With home prices going up and mortgage rates on the rise, the decision-making window for many potential home buyers is closing. â€śShould I buy a house or rent?â€ť is no longer an academic question. It's a decision many households will want to make before New Year's Eve.
Why the hurry? The answer comes in three forms.
First, home prices have been rising with great consistency. According to the National Association of Realtors (NAR), the median existing-home priceÂ reached $236,400 in March. That's up 6.8 percent in a year. It's also the 61stÂ consecutive month of year-over-year gains.
Second, those rosy price increases â€“ good news for sellers â€“ have not yet been offset by rising wages.
â€śHome prices have risen by 41 percent and rents have climbed 17 percent over the past five years at a time when the typical worker wage has grown by only 11 percent,â€ť according to Lawrence Yun, NAR's chief economist.
Third, rising home values and lagging wages are not a good combination. It's low interest rates which have saved the real estate market, rates which might rise.
â€śIn the 1970s,â€ť explains Yun, â€śThey averaged 8.9 percent; in the 1980s, 12.7 percent; in the 1990s, 8.1 percent; and in the first decade of the new century they came in at 6.3 percent. The in-and-around 4 percent rate is only a recent phenomenon from the year 2011 to today.â€ť
The catch is that even with rates at historic lows â€“ the 3.65 percent annual mortgage rate seen in 2016 is the lowest on record for 30-year prime financing, according to Freddie Mac â€“ affordability could emerge as a significant problem if mortgage rates increase.
We don't know how mortgage rates will move during the next year or two, but some forecasters see higher rates ahead. For instance, the National Association of Home Builders see rates topping five percent in 2018.
The problem is that rental units are also increasingly expensive. A report from the Census Bureau shows that the median asking rent was $1,507 in the third quarter of 2016.
That's up a whopping $161 over a year earlier. In rough terms, 12 percent rental rate increases are outperforming the 7.7 percent home price hikes seen nationwide.
For potential home buyers, the problem is increasingly acute: a January report from ATTOM Data Solutions found that â€śbuying a home is more affordable than renting in 66 percent of U.S. housing markets.â€ť
The catch is that marketplace options could change substantially with a rise in mortgage rates.
â€śWhile buying continues to be more affordable than renting in the majority of U.S. markets, that equation could change quickly if mortgage rates keep rising in 2017,â€ť said Daren Blomquist, senior vice president with ATTOM Data Solutions.
"In that scenario, renters who have not yet made the leap to homeownership will find it even more difficult to make that leap this year. Additionally, renting may end up being the lesser of two housing affordability evils in a growing number of high-priced markets.â€ť
Given rising costs for shelter and stagnant wages, what can be done? For many individuals, the choice of higher rents or higher home prices is no choice at all.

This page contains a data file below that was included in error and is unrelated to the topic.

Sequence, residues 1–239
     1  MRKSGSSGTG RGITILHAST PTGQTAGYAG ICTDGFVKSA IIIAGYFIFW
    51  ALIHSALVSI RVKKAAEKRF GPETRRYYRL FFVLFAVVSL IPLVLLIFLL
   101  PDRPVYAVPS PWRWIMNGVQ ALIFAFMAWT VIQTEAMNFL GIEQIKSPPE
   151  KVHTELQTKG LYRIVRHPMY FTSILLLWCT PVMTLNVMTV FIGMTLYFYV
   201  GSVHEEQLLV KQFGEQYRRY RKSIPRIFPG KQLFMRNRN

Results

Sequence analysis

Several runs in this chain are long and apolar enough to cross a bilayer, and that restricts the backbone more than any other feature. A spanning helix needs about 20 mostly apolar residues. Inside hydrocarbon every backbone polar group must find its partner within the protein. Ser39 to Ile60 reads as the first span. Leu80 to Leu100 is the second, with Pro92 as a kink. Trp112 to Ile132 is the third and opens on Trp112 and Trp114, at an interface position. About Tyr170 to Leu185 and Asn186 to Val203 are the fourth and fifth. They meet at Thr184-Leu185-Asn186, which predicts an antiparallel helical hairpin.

PLACEHOLDER FOR INFOGRAPHIC
Instead, they are adjusting their economics by moving from high-cost areas to communities where incomes and expenses are more in balance, especially jurisdictions without a state income tax.
According to CoreLogic, â€śHome buyers from high-cost states, such as California and New York, moved to more affordable states, such as Florida, Texas, Arizona and the Carolinas in 2016.
California had the largest number of out-migrants in 2016, followed by New York and Virginia. In contrast, Florida had the largest number of in-migrants in 2016, followed by Texas and North Carolina.â€ť
In the end the real question is increasingly not owning versus renting, it's also staying versus migrating, a practical trend which is likely to grow if both home prices and mortgage rates continue to rise faster than wages.
The affordability of homebuying depends a great deal on what you pay for your mortgage. With rates ranging from two-ish to five-ish percent, depending on the program, your down payment and other factors, you'll want to get mortgage quotes from several lenders. You'll also want to have a serious discussion about the right program for you.Click to see today's rates (May 26th, 2017)
The information contained on The Mortgage Reports website is for informational purposes only and is not an advertisement for products offered by Full Beaker. The views and opinions expressed herein are those of the author and do not reflect the policy or position of Full Beaker, its officers, parent, or affiliates.
Don B. Retired
The Mortgage Reports has helped me so much. I can't thank you enough.
Sandi C. Customer Service Representative
The Mortgage Reports has been extremely helpful in educating me about mortgages, and what is available. Thank you for all that you do!
Jerolyn C. CPA
The Mortgage Reports isn't just basic mortgage rate information -- it's analysis on rate changes and trends, and updates on the laws in lending. Subscribing to the site's daily updates is worthwhile.
2017 Conforming, FHA, & VA Loan Limits
Mortgage loan limits for every U.S. county, as published by Fannie Mae & Freddie Mac, the Federal Housing Administration (FHA), and the Department of Veterans Affairs (VA)